Many apparently “secure” websites remain vulnerable to the Heartbleed OpenSSL flaw a month on from it being widely reported and a patch being offered.
According to netcraft, although many secure websites reacted promptly to the bug by replacing their SSL certificates and revoking the old certificates, some made the critical mistake of reusing the potentially-compromised private key in the new certificate.
It determined that more than 30,000 affected certificates have been revoked and reissued without changing the private key and by reusing the same private key, a site that was affected by the Heartbleed bug still faces exactly the same risks as those who had not yet replaced their SSL certificates.
Commenting, TK Keanini, CTO of Lancope, said: “There are two critical changes that need to take place: the first is that a website using the vulnerable version of OpenSSL must replace this library and recompile the server; in addition they need to replace the key pairs both private and public for all website that were hosted on the vulnerable service.
“Some folks either don’t have the technical abilities to perform this type of maintenance and for those folks we ask that they find a hosting facility that can help them maintain security levels sufficient for being on the internet.”
In a separate analysis, Robert Graham at research firm Errata Security found that 318,239 of 600,000 previously vulnerable systems remained vulnerable.
“Last month, I found one million systems supporting the ‘heartbeat’ feature (with one third patched). This time, I found 1.5 million systems supporting the ‘heartbeat’ feature, with all but the 300,000+ patched ,” Graham said.
“This implies to me that the first response to the bug was to disable heartbeats, then later when people correctly patched the software, heartbeats were re-enabled. Note that only OpenSSL supports heartbeats, meaning that the vast majority of SSL-supporting servers are based on software other than OpenSSL.”
Russ Spitler, vice president of product strategy at AlienVault, said: “This is really unfortunate news, though I suppose not terribly surprising. Heartbleed has been a really amazing event from a few different angles, the breadth of the exposure but also the speed and scope of the response.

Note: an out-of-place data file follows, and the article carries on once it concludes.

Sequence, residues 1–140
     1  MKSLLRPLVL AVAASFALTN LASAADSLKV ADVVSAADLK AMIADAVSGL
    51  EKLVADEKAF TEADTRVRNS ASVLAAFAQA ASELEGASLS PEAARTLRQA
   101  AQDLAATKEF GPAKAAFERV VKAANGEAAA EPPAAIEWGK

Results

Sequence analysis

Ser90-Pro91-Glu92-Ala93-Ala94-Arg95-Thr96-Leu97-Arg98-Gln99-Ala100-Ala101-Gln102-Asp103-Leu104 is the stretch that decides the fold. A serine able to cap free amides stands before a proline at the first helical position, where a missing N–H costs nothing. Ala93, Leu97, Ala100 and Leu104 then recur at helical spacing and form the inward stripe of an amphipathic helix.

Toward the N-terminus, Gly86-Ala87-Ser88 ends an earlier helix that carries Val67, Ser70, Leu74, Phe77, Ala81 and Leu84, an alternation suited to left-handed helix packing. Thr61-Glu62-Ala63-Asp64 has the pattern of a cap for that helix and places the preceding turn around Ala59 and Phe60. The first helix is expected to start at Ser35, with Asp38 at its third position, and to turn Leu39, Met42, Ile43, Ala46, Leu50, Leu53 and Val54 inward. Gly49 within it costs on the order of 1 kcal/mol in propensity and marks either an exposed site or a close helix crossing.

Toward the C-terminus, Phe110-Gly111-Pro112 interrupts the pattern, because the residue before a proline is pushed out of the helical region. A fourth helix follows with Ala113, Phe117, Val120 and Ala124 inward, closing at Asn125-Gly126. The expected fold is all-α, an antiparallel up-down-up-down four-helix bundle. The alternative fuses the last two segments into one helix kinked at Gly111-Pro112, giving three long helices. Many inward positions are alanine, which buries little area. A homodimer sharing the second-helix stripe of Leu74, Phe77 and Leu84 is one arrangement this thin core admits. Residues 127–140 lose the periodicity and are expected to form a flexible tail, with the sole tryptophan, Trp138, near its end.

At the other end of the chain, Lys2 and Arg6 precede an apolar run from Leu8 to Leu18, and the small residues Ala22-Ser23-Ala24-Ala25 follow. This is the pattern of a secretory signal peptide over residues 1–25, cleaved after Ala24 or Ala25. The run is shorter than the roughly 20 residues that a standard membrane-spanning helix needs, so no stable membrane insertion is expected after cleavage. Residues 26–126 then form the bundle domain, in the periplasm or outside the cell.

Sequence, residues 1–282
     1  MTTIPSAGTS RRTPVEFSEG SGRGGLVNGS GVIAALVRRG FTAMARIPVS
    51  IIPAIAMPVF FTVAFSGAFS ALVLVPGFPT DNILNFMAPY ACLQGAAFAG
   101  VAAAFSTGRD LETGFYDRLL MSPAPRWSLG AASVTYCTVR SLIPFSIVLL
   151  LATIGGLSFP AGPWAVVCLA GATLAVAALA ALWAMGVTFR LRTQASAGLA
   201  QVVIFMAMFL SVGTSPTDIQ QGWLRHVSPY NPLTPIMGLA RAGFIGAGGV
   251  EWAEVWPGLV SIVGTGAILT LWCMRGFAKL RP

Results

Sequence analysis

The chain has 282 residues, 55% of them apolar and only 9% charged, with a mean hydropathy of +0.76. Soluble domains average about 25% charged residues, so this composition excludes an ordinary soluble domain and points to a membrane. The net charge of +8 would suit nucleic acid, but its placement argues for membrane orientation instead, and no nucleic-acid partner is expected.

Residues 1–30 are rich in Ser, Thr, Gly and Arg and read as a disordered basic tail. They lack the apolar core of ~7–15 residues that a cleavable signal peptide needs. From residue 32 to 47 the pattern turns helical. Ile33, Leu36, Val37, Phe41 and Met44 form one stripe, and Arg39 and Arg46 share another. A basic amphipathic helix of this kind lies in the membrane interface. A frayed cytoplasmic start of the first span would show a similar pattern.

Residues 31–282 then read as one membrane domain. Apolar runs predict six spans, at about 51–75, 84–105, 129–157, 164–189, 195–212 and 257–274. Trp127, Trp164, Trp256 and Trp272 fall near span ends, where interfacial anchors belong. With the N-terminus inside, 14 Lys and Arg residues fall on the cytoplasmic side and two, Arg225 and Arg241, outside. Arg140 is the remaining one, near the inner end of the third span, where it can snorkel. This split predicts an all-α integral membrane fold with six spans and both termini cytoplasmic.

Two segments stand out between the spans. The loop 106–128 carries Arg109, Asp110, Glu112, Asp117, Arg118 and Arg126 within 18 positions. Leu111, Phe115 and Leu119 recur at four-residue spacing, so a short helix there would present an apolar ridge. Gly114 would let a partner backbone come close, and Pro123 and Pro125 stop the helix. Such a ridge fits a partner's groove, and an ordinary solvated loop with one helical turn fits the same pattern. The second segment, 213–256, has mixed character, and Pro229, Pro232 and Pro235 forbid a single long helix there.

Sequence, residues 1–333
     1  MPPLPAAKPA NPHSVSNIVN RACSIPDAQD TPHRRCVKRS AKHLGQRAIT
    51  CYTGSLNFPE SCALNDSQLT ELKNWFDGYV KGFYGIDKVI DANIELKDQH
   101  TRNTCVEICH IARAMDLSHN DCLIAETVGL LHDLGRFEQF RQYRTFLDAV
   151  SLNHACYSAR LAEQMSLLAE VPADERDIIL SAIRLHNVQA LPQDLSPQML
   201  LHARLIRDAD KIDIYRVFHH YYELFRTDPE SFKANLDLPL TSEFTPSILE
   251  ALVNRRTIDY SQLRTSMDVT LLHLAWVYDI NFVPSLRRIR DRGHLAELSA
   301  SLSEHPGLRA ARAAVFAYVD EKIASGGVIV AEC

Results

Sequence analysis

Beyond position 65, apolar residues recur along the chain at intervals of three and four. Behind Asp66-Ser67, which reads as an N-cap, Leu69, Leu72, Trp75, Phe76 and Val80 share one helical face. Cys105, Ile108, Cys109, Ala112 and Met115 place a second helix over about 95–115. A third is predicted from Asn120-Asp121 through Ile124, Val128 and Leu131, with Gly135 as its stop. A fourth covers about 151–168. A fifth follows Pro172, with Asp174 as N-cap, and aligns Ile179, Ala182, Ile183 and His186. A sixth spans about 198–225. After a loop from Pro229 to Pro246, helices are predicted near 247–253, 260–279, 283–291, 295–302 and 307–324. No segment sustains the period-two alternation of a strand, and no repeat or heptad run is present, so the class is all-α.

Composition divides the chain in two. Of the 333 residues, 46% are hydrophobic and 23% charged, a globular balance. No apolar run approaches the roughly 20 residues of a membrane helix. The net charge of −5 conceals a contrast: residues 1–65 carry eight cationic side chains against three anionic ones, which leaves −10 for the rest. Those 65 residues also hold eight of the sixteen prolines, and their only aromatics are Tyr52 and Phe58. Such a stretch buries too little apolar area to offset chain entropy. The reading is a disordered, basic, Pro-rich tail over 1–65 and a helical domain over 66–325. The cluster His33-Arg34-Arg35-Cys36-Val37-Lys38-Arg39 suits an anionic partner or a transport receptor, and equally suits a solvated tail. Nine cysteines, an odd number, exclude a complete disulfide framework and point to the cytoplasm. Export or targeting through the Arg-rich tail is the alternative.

“We have seen huge portions of the internet mobilised to react in a short amount of time which is largely unprecedented. However, we have a slightly different exposure than we have seen in the past. From a historical standpoint, most exposures of this scale were due to a single vendor’s operating system having an issue and the remediation was often as simple as applying a vendor supplied patch. Here, we have the same dynamic of a vendor supplied patch but the nature of the vulnerability requires additional steps to address the exposure – updating the certificates used in the vulnerable systems.
“It is amazing so many have taken this step, but the stat provided shows a failure of education. Those who understood the vulnerability were successful in convincing the world of its impact and the need to address it, but unfortunately those who understood completely failed at explaining what steps needed to be taken. Replacing the certificate without generating a new private key makes the effort completely wasted.
“It is not an issue of testing as the people who have done this just failed to understand why they were doing it, and those who instructed them to do it assumed that they were being clear enough. There was an education gap between the two and in that situation I blame the security experts not the people who tried to do the right thing. In this situation I would actually put the scrutiny on the certificate authorities, if a customer is resubmitting for a new certificate due to compromise but using the same private key the request should be rejected. This is not a problem of regulation but one of education.”